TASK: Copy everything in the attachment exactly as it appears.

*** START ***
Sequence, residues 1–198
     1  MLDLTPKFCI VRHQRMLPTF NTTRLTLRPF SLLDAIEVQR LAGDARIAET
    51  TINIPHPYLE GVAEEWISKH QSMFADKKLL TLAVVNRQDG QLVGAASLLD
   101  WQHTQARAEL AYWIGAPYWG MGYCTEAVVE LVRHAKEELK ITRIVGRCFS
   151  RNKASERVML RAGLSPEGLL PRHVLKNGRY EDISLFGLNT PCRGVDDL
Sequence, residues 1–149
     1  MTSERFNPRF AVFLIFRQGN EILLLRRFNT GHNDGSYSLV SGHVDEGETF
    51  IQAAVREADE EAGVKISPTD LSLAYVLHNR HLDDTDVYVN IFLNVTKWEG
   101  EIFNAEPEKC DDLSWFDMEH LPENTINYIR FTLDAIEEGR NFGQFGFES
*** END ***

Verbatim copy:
Sequence, residues 1–198
     1  MLDLTPKFCI VRHQRMLPTF NTTRLTLRPF SLLDAIEVQR LAGDARIAET
    51  TINIPHPYLE GVAEEWISKH QSMFADKKLL TLAVVNRQDG QLVGAASLLD
   101  WQHTQARAEL AYWIGAPYWG MGYCTEAVVE LVRHAKEELK ITRIVGRCFS
   151  RNKASERVML RAGLSPEGLL PRHVLKNGRY EDISLFGLNT PCRGVDDL
Sequence, residues 1–149
     1  MTSERFNPRF AVFLIFRQGN EILLLRRFNT GHNDGSYSLV SGHVDEGETF
    51  IQAAVREADE EAGVKISPTD LSLAYVLHNR HLDDTDVYVN IFLNVTKWEG
   101  EIFNAEPEKC DDLSWFDMEH LPENTINYIR FTLDAIEEGR NFGQFGFES